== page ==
Our next stop was at Mother Earth Brewing, a great local brew pub in the heart of downtown Kinston, and they're "green" as "green as can be!"  As their web site says:

"A six-kilowatt solar array stands on the roof as a tribute to the authority of that great star we orbit, known as the sun. Blue jean insulation, a 100% recyclable product, was used to insulate the walls. In addition to being a recyclable product, it also has outstanding sound barrier qualities. Soy-based spray foam insulation protects the second story ceiling. Low VOC (volatile organic compounds) paint covers the walls. The flooring wasn't ignored, either. Mother Earth Brewing's corporate offices will sport eco carpet partially made from renewable resources. Eco flush valves on toilets know just the right amount of water needed for "the job" and reduce water needed for flushing by 30%. Eco faucets in both bathrooms offer an unimaginable savings in water compared to conventional faucets. A state-of the-art tankless water heater heats water on demand, instead of using needless energy to keep hundreds of gallons of water heated at all times."

Naturally some of us had to try a local brew before heading out!

Shan and Liz enjoying a brew
Next we were off to the hotel and a little down time while we got ready for our "dining extravaganza" at Chef and The Farmer.

A bit before 5 p.m. we were all ready to go, so we headed out and drove to our destination, a short 3 miles away, arriving long before our 5:30 p.m. reservations. Can you tell we were excited? 

It's just as well we got there early, as the parking lot was quickly filling up, and many others were milling about waiting for the doors to open. Luckily we had made reservations a few months ahead of time, so our party of 10 was guaranteed a seat! And I do recommend you make reservations well in advance of the date you want to go! Due to the overwhelming popularity of the series, A Chef's Life, people are traveling hundreds of miles to see and enjoy this restaurant.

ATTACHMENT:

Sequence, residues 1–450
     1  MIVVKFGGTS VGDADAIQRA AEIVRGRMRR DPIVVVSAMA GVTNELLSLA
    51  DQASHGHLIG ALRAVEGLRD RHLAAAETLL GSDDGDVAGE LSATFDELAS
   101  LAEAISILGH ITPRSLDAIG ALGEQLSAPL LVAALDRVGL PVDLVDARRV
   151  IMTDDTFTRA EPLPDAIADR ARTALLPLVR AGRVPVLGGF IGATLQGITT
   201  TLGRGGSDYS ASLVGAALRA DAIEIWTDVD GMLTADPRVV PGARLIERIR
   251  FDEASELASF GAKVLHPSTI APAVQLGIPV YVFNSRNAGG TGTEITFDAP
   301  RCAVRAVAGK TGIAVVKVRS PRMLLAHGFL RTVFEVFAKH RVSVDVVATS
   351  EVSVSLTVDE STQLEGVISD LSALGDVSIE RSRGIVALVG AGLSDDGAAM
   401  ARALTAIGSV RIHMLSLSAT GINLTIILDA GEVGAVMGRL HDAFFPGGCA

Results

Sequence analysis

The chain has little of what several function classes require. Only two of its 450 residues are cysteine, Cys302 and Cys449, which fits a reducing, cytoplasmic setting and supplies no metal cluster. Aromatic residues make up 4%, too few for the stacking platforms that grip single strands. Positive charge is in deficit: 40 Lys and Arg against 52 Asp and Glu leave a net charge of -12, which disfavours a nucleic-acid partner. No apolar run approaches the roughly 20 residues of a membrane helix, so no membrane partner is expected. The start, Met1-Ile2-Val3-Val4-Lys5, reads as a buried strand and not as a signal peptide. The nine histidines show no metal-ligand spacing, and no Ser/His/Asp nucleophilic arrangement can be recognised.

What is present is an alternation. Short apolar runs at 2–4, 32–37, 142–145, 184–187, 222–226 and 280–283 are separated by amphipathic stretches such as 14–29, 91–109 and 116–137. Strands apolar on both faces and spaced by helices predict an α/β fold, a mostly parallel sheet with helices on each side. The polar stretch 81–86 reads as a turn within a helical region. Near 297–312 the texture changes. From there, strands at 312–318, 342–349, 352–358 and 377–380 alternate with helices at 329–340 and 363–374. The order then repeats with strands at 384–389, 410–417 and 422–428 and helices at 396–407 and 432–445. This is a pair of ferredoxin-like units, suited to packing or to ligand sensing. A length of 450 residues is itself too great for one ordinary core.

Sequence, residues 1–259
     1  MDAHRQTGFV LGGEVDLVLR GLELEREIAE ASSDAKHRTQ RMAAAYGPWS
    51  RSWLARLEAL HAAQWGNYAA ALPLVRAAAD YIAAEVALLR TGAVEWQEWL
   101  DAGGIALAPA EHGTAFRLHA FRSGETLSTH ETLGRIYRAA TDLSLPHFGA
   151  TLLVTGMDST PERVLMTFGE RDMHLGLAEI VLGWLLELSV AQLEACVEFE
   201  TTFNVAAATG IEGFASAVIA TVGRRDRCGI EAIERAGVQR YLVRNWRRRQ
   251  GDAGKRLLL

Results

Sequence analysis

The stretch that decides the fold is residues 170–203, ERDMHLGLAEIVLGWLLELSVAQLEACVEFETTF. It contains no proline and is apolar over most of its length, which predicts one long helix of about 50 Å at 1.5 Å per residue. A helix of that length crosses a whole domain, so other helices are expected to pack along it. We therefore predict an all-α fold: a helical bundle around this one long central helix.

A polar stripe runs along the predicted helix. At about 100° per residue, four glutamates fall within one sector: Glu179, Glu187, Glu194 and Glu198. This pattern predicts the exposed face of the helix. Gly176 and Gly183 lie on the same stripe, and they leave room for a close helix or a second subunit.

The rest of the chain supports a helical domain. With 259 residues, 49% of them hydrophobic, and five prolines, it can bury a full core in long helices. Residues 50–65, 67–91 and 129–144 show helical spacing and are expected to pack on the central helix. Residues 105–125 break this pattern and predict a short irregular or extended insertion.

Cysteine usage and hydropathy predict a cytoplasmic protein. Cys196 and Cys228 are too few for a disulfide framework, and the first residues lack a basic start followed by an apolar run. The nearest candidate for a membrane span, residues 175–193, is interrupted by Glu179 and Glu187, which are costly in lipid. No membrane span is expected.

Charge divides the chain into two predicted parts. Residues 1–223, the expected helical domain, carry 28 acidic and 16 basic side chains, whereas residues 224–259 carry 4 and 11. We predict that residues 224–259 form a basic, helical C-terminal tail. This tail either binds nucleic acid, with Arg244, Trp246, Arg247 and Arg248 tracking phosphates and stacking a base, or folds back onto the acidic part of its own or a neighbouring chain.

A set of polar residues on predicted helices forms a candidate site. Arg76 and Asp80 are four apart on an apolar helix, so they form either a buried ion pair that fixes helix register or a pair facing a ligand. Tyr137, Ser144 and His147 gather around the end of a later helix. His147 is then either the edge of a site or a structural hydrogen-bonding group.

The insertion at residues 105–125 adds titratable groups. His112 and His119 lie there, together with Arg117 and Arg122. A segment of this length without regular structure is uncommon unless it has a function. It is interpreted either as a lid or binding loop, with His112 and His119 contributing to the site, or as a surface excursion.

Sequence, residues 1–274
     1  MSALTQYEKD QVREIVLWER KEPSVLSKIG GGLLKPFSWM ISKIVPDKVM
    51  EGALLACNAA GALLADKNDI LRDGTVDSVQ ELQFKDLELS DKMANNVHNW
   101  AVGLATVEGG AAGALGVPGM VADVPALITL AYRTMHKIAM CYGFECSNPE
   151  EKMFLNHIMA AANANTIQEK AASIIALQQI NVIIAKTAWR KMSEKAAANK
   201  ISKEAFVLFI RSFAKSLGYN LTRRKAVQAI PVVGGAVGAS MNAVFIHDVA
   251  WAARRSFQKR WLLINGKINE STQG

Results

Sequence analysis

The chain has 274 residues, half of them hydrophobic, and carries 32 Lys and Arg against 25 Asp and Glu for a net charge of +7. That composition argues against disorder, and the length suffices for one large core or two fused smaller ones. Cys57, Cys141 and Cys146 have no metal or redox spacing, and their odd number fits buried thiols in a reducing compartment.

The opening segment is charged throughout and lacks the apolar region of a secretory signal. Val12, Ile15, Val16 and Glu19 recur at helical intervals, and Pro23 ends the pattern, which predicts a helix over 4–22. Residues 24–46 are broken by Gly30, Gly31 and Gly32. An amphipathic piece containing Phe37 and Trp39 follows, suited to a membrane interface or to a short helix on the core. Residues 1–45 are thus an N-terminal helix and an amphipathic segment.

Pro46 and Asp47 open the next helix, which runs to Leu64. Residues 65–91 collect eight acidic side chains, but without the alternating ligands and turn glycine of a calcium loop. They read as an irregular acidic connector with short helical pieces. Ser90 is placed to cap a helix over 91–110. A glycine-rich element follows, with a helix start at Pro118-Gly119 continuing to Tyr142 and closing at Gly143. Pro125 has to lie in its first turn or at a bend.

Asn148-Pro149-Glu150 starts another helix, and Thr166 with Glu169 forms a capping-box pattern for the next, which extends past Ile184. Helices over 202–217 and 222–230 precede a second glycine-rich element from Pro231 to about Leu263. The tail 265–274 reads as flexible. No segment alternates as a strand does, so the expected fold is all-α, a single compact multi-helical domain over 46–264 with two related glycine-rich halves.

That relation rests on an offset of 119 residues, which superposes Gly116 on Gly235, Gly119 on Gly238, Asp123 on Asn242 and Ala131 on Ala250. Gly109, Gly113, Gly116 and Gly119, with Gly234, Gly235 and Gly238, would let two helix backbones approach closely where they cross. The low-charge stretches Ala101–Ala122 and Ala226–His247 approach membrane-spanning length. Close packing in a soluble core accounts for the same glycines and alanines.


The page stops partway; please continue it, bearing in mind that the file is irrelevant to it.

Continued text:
Finally the doors opened and we were off!  First stop the hostess station where we were greeted and promptly seated in the wine room, which is an area reserved for large parties of up to 16 people. We were greeted immediately by our server for the evening, Maria, who is a trained sommelier and extremely well-versed in all the menu items offered.

Maria handed us an extensive wine and spirits menu while she explained some of the beverage choices available. After placing drink orders we began to pour over the menu. So many choices! Where to even begin? And so the buzz began with a lot of banter among all of us as to what to try first. Enter Maria again with some amazing suggestions. She told us one of the most popular appetizer dishes is the Pork Belly Skewers with Curried Citrus Marmalade, Pickled Jalapenos and Cilantro so you know we just had to try those!

Pork Belly Skewers
Oh my goodness, they were amazing! We also tried Flash Fried Collards (don't knock it until you try it) and they too were a surprise. Not at all what you'd expect, but crisp and light. There were none left, that's how good they were.